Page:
When we talk about business financing, we have to admit there is more than just one way to obtain funding for your company. There are the common ways of securing loans by going to the bank, sitting with a banker, filling out forms, and keeping your fingers and toes crossed in hopes that you get approved.
But we’re here to tell you there are also other options available to you. That’s where we come in, using lesser-known options to create finances for your business. You may not be familiar with these options, so we’d like to help break them down for you.
- Hard money loans
These are also called bridge loans. They are a short-term solution to give you an opportunity to correct what went wrong in your business’ finances. They can be structured for 12-36 months, and are based on the value of your property. You can get up to 65% LTV.
- Cash-out refinance
In this case, you may have equity in a property that you can’t access with a bank. Bad credit, weak financials… face it we just came out of a tough recession and you are not alone on this. Even if you could qualify for a bank loan they are not interested in cash-out refinances. Private / Bridge lenders can provide cash out for improved commercial properties. They will loan up to 65% LTV Max. If you own a property or have very little debt against it, and can use the cash for an infusion of capital into your operating company or for the right investment opportunity, a bridge lender may be what you are looking for.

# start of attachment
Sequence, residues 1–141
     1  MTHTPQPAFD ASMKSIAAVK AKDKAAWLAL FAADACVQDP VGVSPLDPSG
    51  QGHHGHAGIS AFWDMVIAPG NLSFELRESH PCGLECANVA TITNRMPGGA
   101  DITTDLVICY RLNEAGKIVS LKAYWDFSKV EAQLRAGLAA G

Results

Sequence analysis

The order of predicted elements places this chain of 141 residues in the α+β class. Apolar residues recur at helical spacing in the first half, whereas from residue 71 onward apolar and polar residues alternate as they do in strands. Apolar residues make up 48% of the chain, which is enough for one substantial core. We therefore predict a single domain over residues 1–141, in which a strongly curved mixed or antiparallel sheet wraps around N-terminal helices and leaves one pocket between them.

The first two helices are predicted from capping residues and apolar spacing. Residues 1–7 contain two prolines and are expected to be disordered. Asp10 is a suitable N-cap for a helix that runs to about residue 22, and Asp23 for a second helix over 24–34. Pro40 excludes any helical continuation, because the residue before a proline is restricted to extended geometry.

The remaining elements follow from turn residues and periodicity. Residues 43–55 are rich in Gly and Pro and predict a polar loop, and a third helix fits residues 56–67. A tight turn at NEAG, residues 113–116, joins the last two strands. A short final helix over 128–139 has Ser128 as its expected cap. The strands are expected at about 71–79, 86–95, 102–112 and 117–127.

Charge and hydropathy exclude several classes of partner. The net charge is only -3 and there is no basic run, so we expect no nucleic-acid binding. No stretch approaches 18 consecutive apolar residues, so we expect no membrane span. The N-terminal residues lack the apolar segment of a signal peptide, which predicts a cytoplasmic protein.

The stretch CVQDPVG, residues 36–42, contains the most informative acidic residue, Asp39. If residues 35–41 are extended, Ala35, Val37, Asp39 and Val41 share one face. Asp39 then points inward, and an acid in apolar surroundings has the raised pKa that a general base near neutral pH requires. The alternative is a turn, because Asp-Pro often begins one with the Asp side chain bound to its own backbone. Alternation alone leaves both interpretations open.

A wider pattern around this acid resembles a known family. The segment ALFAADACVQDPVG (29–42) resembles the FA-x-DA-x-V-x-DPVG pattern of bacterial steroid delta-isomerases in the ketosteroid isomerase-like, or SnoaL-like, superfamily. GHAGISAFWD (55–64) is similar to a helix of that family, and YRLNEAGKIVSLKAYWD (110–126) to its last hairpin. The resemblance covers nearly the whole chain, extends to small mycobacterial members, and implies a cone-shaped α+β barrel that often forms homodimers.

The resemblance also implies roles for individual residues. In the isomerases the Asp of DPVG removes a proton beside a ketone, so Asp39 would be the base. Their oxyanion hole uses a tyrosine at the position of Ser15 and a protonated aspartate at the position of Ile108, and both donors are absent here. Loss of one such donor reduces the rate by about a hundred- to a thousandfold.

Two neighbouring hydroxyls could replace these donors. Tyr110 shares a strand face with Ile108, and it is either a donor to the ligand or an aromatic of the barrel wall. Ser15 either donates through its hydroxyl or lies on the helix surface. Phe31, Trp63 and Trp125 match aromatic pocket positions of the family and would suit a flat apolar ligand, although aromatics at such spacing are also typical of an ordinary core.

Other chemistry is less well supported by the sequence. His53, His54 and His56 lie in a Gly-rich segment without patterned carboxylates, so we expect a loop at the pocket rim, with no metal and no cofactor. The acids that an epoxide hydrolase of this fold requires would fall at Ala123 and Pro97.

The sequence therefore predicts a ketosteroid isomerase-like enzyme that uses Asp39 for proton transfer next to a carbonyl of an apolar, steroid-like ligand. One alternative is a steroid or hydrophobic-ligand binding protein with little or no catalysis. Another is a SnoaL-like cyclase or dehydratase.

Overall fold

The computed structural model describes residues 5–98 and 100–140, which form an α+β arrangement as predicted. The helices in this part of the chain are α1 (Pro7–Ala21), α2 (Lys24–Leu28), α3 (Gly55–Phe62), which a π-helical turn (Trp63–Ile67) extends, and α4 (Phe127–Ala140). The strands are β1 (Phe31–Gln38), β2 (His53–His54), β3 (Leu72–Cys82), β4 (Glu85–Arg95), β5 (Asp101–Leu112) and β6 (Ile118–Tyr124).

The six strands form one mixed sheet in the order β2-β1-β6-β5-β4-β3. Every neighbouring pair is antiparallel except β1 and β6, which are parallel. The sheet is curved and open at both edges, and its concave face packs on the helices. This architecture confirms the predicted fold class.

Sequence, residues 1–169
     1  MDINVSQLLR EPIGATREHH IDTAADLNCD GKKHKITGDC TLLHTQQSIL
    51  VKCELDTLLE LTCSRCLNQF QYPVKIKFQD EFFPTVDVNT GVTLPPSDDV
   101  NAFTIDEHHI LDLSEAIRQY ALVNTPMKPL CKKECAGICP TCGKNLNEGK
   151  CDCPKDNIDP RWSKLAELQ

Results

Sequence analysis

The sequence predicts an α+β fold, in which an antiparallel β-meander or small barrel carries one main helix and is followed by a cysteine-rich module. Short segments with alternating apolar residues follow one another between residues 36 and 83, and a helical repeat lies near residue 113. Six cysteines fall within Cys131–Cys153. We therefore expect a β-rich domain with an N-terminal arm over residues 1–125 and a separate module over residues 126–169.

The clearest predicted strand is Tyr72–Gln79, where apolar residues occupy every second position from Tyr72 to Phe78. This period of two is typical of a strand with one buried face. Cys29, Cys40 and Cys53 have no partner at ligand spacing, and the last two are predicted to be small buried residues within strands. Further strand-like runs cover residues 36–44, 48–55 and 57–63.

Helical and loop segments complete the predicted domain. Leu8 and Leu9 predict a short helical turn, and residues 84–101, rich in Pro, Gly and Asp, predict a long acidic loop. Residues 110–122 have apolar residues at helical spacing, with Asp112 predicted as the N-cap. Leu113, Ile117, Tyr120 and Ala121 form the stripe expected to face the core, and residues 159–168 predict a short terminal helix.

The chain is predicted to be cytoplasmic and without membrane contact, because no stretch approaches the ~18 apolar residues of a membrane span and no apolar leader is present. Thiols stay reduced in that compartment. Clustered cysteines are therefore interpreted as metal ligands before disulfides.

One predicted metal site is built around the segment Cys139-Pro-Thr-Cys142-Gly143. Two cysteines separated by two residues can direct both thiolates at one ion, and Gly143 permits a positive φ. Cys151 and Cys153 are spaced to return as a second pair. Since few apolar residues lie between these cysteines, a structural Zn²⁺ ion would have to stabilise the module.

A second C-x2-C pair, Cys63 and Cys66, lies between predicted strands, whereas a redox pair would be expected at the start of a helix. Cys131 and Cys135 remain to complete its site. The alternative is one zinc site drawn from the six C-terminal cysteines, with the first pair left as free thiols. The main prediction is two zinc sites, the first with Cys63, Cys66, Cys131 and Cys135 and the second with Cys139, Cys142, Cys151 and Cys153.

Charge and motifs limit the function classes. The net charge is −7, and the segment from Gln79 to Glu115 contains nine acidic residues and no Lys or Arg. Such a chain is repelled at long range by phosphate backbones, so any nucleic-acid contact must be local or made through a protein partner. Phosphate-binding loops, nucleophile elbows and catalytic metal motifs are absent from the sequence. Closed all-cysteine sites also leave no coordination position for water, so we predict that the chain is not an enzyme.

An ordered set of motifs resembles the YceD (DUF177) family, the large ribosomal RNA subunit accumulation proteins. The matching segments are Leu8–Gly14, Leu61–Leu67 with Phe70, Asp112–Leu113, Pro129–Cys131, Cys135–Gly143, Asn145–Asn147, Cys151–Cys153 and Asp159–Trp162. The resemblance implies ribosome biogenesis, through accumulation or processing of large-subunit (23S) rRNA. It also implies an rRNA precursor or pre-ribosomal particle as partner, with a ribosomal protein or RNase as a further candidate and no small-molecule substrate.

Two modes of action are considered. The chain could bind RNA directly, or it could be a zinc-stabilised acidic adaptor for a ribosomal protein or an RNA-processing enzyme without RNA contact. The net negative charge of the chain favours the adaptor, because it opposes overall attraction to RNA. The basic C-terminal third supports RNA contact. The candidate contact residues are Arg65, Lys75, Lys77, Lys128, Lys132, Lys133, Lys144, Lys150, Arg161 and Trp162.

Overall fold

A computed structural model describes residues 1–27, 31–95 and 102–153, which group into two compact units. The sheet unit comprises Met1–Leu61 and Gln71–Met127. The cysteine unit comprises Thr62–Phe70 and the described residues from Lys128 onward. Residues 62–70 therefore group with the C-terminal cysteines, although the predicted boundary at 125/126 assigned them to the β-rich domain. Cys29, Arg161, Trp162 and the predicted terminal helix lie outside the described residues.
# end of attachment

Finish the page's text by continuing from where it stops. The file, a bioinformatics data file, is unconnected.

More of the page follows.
- Asset-based financing solutions
Asset-based financing works because it is based on collateral. Profitability, good credit, and perfect ratios are not what an asset based lender is concerned with. They are concerned with the value of the asset that they are loaning against. These loans are often tied to inventory, accounts receivable, machinery, and equipment.
In factoring, you essentially sell your accounts receivable to a third party, called the factor. The factor then provides you with a percentage of the accounts receivable as immediate cash. The collateral used to borrow against (your accounts receivable) is based on the credit worthiness of your customers. In other words, factors purchase your credit-worthy accounts receivable at a small discount and convert your invoices (sales) into immediate cash. Factoring is not a loan. There is no debt repayment, no compromise to your balance sheet, no long-term agreements, or delays associated with other methods of raising capital.
- SBA 504 / 7 (a)
Loan This is a loan provided by the SBA to businesses for the purpose of purchasing assets like property and equipment. The loan is split between three parties (the owner, a conventional lender, and a certified development company). There are qualifications and restrictions for this loan.
Every financial situation is different, and these loans are not right for all. We are here to explain them in more detail, and help you find a financing option that is right for you.